Of course I remember immediately after this move that the bishop is supposed to be on d6 so my king has the e7 square

The correct line goes 9...d5 10.Bd3 Bd6 11.Bg5 (11.Bg6+ Ke7 12.Bc2 h6 13.Bg6 Bd7) 11...Kf7 12.0–0 h6 13.Bxf6 Qxf6 14.Qxf6+ gxf6]

10.Bd3 0–0


I expected 11.Bg5 h6 12.Bxf6 when I was going to play Rxf6.

"What? Why not 12...Bxf6!?" -- this is Alex and Todd laughing at me afterwards: "What are you afraid of?? One check? Hahahhaha. I WANT him to put his queen on h7. HAHHAHAHA" Now, I don't want you to think I'm complaining here. Obviously any chessplayer would kill to be able to show their games to a strong player(s) whenever they want and I'm incredibly lucky etc., but man, you sure do have to get used to feeling like the stupidest person in the room basically all the time.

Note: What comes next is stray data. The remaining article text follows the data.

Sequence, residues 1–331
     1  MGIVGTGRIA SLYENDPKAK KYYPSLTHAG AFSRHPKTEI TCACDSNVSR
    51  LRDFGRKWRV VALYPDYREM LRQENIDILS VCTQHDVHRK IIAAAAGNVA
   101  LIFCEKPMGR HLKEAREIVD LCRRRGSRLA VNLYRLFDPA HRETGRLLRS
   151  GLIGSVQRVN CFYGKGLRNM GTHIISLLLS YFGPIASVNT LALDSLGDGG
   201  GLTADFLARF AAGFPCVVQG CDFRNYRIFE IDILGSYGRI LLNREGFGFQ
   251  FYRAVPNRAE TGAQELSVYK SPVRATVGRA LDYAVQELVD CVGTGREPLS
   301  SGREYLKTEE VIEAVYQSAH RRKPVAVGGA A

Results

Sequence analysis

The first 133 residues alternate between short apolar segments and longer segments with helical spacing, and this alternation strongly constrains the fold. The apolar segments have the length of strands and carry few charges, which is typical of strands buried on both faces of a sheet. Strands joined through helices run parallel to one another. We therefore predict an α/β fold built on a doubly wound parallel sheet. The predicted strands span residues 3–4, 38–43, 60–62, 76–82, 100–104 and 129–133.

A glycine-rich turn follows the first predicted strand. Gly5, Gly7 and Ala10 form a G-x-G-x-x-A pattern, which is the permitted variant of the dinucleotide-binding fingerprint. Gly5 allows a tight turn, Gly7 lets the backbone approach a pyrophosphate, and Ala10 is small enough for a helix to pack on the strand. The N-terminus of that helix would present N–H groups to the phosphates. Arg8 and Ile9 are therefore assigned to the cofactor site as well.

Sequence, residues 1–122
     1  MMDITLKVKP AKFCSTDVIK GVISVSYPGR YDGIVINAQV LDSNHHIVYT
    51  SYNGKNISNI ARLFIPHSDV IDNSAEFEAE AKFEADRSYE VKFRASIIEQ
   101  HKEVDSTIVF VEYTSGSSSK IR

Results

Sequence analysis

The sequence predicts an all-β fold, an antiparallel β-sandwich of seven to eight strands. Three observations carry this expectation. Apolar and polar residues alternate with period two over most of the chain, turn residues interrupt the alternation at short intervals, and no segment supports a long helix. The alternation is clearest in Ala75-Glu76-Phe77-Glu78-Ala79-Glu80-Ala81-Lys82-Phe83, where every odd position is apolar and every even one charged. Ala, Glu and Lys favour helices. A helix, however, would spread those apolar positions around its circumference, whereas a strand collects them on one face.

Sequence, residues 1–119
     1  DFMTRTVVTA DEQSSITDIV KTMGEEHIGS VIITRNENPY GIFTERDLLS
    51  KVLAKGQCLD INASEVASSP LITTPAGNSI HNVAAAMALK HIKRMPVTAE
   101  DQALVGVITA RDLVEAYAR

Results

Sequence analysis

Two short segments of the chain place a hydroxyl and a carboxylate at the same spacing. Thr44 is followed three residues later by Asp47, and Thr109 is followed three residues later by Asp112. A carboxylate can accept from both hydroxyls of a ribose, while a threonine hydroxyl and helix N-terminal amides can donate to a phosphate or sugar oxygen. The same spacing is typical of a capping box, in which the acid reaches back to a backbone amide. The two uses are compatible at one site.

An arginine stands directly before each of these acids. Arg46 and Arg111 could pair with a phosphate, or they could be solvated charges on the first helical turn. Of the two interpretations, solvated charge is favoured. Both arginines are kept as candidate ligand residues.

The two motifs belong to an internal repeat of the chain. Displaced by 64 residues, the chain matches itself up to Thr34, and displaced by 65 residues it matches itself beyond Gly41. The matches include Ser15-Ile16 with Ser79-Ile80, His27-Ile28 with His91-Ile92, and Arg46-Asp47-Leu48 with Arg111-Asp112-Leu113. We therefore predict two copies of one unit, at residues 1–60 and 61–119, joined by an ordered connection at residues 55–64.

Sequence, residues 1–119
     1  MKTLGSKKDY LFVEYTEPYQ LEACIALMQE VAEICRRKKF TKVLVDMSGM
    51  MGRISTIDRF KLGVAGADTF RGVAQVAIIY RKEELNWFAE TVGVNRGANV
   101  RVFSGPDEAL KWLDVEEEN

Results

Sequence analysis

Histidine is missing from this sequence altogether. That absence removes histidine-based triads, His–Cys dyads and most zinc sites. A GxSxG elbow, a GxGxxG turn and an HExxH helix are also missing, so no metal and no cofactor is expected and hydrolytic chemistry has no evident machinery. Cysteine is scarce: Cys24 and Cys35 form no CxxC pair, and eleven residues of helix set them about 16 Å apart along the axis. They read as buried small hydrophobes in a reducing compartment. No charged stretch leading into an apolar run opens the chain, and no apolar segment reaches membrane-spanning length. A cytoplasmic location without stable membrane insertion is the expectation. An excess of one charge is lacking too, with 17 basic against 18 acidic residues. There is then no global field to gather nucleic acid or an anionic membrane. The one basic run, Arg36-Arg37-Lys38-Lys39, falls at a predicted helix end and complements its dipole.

13.Qe4 g6 This was my intention but it's bad, or at least it's scary (13...d5 Is very good for black also, same attitude as in the last line) 14.Qe3 Qf8 15.h4 alright, I caved and turned on Fritz, who says it's good. Whatever. Fritz doesn't understand what it's like.


Alex was advocating 11....e5 based on the following variation 12.g5 e4 13.gxf6 Bxf6 14.Ng5 h6 15.Qxe4 Re8 but look what Fritz finds: 16.Bc4+! Kh8 17.Nf7+ Kg8 18.Nxd8+. Craziness.

12.g5 d5
13.Bxe4 dxe4
14.Qxe4 Qd5

Now I thought I was being hot shit with Qd5, mostly because I had seen it when I played Ne4, but really his king is so weak that I should keep queens on and play e5 instead: 14...e5 15.Nxe5 Nxe5 16.Qxe5 and I have lots of great ideas: 16...Qb6 (16...Qd3; 16...Bh3) 17.0–0 Bh3]

15.Qxd5 exd5
16.Nd4 Ne5
17.0–0 Bh3

17...Nd3 This just wins a pawn. I saw it in the game, but somehow it did not fit in with my self-important desire to punish my opponent for attacking me so unreasonably.